785Scopus© Citations 34
  • Publication
    Profiles of subgroups of cases referred for CSA assessment
    Objective: This study aimed to profile subgroups of CSA cases referred for assessment at two national CSA assessment centers in Ireland. Method: Historical and clinical data for 150 CSA cases were drawn from records of two Dublin-based national specialist sexual abuse assessment and therapeutic centers. Three main comparisons were made involving: (1) 113 confirmed CSA cases and 37 unconfirmed CSA cases, (2) 55 confirmed CSA cases that displayed clinically significant behavior problems, and the 56 confirmed CSA cases without significant adjustment difficulties, and (3) 19 confirmed CSA cases in which violence was a central feature, and 79 confirmed cases in which violence was not a central feature. Results: There were three main findings. (1) More unconfirmed cases were male; had single or separated parents; and a father with a criminal history. As a group, the confirmed cases were largely youngsters who had been abused by male adults or adolescents outside their nuclear family and who subsequently were well supported by one or two parents. (2) Poorly adjusted CSA victims had a history of coercive violent abuse while better adjusted children were victims of nonviolent abuse. (3) Victims of violent CSA were more likely to have experienced penetrative abuse and to display more externalizing behavior problems. Conclusions: Confirmed and unconfirmed CSA cases, well and poorly adjusted CSA cases, and victims of violent and nonviolent CSA referred for assessment at two national CSA assessment centers in Ireland had distinctive clinical profiles.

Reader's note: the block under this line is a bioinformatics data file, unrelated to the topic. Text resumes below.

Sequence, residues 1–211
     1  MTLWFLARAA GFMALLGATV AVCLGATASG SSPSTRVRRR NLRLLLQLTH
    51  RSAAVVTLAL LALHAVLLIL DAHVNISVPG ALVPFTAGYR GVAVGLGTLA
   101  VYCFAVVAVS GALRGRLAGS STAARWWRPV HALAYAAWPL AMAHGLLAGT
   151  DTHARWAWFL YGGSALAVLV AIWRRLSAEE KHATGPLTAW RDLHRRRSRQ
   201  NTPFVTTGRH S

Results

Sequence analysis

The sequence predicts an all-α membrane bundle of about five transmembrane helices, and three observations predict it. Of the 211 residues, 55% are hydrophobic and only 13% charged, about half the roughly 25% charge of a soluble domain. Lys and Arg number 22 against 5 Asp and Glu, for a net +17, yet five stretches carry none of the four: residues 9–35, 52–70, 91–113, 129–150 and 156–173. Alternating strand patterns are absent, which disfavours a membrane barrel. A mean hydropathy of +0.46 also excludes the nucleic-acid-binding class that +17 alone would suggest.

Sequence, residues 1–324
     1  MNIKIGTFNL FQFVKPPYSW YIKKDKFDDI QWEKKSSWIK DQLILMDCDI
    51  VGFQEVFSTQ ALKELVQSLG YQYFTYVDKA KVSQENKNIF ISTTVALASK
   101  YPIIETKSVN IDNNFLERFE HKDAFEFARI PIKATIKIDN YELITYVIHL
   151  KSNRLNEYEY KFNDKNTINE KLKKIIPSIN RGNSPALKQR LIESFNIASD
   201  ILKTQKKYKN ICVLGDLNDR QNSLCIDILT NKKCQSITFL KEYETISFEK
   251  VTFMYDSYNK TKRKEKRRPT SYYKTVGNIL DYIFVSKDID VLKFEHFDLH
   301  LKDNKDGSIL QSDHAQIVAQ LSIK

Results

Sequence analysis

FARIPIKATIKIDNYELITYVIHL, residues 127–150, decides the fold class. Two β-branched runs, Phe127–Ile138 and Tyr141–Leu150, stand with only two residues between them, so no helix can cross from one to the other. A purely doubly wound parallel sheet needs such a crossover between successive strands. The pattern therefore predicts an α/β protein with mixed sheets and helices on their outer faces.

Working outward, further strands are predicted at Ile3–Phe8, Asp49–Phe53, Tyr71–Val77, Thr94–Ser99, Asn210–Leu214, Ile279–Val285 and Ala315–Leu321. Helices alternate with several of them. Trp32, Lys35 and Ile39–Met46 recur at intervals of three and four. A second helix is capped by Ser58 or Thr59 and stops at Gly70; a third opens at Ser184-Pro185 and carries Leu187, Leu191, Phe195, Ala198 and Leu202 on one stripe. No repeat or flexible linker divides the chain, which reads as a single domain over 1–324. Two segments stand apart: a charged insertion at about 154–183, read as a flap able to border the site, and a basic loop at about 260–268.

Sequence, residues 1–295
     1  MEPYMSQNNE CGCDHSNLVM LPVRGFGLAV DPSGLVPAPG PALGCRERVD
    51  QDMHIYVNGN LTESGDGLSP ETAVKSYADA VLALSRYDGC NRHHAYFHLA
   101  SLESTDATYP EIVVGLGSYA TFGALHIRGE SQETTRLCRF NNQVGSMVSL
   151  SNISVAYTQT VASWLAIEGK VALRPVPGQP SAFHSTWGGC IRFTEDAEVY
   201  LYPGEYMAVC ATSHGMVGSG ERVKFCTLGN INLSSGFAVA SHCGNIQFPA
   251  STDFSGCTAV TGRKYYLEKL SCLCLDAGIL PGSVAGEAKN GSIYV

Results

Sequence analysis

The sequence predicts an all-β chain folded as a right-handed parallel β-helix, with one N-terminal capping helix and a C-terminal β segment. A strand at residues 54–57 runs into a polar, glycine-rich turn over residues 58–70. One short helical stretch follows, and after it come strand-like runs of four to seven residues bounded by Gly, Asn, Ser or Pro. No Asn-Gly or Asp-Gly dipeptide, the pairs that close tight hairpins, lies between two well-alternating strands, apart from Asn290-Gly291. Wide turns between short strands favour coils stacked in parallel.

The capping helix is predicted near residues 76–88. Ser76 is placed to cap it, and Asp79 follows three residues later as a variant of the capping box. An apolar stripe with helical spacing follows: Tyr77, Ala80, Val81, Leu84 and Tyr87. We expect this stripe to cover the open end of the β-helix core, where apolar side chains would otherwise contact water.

242
  • Publication
    A comparison of two CSA treatment programmes
    The development of effective treatment programmes to ameliorate the sequelae of CSA is imperative. Ideally such programmes should address intrapsychic psychological difficulties through individually based child-focused interventions; peer-related interpersonal problems through group-based interventions; and difficulties within the family and wider social network through family therapy and systemic interventions. It would be expected that some programmes might be more effective than others for young people with particular constellations of difficulties and that programmes that combined two or more therapeutic modalities might be more effective than more narrowly focused programmes.
      179